First Cryptocurrency Exchange Registers with Financial Supervisory Authority

The first company to specialize in cryptocurrency commerce and services is now registered with Iceland’s Financial Supervisory Authority, or FME, reports KjarninnMorgunblaðið reported first.

The company, Skiptimynt, is a cryptocurrency exchange dealing in Bitcoin and Auroracoin. Cryptocurrency firms are now required to register their activities with FME, following new legislation intended to combat money laundering and terrorist activities.

Crypto- or digital currencies have gained increased popularity on the international market in recent years, although the value of most have been subject to extreme fluctuations. The value of one Bitcoin is now roughly ISK 770,000 ($6,958/€5,986), but was worth as much as ISK 2,216,800 ($20,000/€17,208) at one point last year.

Free Hot Meals for Schoolchildren an “Equality Issue”

The elementary school in the East Iceland village of Eskifjörður is working to reduce the cost of school lunches for its students and hopes to soon make all hot meals free, RÚV reports. The principal considers free hot lunches a “very important equality issue” facing the Fjarðarbyggð municipality as a whole.

Currently, students in the Fjarðarbyggð municipality pay ISK 450 [$4.06; €3.49] a day for lunches, which in Eskifjörður, generally include fish. This comes out to roughly ISK 9,000 [$81.23; €69.91] a month per student. Principal Birgir Jónsson says that it’s come to the school’s attention, however, that not all families can afford the monthly cost of school lunches and so choose to send their children with bag lunches instead. Some parents may have other reasons for sending their kids to school with bag lunches, he acknowledges, but there are special occasions where eating a hot meal together is more of a social event, and all students should be able to take part then. “We’ve noticed that especially when there’s something like pizza or things like that, then, of course, everyone wants to [have the hot lunch].”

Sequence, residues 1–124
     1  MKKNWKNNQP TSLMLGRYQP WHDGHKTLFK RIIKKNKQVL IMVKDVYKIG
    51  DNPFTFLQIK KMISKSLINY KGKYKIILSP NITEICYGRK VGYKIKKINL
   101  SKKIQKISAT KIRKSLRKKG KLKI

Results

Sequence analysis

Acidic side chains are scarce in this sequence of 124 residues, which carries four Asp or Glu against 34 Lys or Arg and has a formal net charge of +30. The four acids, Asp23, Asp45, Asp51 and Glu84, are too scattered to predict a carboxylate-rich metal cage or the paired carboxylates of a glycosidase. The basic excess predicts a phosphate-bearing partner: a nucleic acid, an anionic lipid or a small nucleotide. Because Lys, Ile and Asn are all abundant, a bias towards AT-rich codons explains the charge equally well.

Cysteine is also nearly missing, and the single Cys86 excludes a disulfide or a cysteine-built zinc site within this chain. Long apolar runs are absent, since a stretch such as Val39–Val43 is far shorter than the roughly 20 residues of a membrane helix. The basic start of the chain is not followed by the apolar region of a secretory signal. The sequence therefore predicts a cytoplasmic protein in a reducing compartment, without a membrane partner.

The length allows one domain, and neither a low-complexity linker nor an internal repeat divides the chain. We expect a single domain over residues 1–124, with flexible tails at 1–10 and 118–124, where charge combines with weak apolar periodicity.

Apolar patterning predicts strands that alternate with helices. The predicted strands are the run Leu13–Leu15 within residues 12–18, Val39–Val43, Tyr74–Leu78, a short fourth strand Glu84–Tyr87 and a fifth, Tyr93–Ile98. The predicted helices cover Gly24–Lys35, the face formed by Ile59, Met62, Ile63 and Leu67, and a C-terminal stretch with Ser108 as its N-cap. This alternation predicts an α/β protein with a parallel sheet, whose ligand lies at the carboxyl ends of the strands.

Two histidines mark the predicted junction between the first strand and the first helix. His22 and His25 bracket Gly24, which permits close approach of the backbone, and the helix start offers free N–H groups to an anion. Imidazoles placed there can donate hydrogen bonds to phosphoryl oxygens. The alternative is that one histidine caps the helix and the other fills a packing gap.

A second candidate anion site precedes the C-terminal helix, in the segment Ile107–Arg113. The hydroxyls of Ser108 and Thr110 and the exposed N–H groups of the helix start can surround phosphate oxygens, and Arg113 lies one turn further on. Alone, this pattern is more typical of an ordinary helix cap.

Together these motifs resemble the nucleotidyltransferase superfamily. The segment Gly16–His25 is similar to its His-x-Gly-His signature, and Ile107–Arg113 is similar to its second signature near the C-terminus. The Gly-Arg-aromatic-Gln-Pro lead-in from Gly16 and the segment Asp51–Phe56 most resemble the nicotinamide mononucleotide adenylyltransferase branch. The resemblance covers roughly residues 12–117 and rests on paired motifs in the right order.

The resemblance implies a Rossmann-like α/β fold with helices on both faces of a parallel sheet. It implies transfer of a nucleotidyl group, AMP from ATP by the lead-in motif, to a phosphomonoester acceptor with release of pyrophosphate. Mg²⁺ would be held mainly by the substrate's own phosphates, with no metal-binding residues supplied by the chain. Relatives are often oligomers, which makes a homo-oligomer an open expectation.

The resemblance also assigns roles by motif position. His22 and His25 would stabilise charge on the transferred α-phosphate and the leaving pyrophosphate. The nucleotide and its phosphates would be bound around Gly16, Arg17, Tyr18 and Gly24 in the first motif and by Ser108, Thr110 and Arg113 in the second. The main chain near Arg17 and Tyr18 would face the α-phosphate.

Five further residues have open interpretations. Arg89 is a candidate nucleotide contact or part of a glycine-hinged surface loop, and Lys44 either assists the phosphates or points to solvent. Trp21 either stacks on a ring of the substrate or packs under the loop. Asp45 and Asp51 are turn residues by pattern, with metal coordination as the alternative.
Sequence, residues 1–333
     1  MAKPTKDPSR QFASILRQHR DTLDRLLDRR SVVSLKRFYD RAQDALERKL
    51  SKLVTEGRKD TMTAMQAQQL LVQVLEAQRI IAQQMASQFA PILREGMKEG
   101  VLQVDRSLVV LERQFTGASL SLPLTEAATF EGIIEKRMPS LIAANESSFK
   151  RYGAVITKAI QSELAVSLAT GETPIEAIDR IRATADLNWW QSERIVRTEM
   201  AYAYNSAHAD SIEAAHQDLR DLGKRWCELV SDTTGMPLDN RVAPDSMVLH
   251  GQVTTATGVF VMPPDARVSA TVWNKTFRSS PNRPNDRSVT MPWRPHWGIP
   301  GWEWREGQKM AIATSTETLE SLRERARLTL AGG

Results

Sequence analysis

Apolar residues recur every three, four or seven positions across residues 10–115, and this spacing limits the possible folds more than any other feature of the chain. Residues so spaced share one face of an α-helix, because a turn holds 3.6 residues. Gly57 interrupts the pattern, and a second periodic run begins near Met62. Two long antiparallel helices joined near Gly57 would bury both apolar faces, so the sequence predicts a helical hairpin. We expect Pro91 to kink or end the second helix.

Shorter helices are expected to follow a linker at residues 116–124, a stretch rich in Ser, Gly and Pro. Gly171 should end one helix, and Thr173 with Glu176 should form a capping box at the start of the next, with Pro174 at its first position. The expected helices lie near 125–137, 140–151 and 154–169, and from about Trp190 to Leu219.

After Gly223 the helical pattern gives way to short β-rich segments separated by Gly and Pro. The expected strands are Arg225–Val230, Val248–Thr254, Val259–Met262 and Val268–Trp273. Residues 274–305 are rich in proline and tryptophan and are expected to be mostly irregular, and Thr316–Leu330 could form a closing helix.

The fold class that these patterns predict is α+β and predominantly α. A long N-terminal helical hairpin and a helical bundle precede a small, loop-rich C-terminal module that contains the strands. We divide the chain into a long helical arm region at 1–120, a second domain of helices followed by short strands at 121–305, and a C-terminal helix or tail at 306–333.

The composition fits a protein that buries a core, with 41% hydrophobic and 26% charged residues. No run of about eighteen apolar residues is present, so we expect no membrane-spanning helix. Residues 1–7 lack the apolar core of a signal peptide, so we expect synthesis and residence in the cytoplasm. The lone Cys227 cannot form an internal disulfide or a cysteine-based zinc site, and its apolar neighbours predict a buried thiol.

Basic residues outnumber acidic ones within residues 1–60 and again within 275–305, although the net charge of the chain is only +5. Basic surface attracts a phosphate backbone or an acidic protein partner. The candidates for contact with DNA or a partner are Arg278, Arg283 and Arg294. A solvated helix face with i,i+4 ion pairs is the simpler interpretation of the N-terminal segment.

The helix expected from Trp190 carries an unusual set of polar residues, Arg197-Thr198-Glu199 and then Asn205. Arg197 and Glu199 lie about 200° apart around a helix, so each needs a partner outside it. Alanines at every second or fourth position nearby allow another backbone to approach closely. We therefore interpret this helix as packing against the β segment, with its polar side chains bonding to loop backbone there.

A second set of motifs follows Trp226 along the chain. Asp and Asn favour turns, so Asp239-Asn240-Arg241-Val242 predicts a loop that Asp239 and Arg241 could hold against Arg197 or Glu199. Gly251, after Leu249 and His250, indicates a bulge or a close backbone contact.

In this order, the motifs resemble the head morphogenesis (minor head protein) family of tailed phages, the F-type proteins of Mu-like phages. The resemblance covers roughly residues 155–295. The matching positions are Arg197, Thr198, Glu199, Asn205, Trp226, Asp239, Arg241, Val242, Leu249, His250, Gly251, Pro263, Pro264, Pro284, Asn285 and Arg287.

As a first step to addressing the problem, therefore, the school will be reducing the cost of school lunches to ISK 300 [$2.70; €2.33] starting on October 1, 2018. The intention, says Fjarðarbyggð town council foreman Eydís Ásbjörnsdóttir, is to ensure that “…all kids are sitting at the same table and have the chance to get a hot and nutritious meal.”

The municipality is taking steps to make school lunches completely free within the current election cycle.

Golfer Loses Eye After Lava Accident

A golfer lost an eye following an accident at a Hafnarfjörður golf course in South Iceland a few weeks ago, Vísir reports. The victim was a highly experienced Icelandic golfer in his sixties, who was taking part in an open tournament at the course.

The accident took place when the golfer was on the fifth hole, along a section of the fairway appropriately called Hraunið, or ‘The Lava.’ The man’s first shot saw the ball land in some lava that surrounds the course and so he decided to try and hit it back onto the green. On one of his attempts, the golf ball hit a a lava stone that was very close to the ball [about one metre, or three feet away] and which was protruding about ten centimetres [three inches] out of the ground. The ball ricocheted backwards off the rock and hit the man directly in the eye. According to course manager Ólafur Þór Ágústsson, the man hadn’t even seen the stone when he hit the ball.

An ambulance was called to the scene and the golfer was taken into surgery soon after, but doctors were unable to save his eye. According to Vísir’s sources, some consider him lucky, despite the horrible consequences of the accident; had the ball hit him in the temple, it could have killed him.

Golf course manager Ólafur Þór Ágústsson said that the staff were shocked by the incident, but that luckily, these sorts of accidents are very uncommon. He did say, however, that balls do sometimes get hit into the rocks and/or lava surrounding the two different fairways and then ricochet off of them. “But this is by far the most serious [incident] that we’ve had happen at the course. There’s been nothing that compares to this. But people have been close to [having things happen]. In this sport, as in any other, accidents happen,” he said, and they can’t always be foreseen. “It’s just horrifically bad luck.”

The golf course’s management is now considering increasing the number of drop spots in areas with a lot of lava, which may decrease player risk along those sections of the course.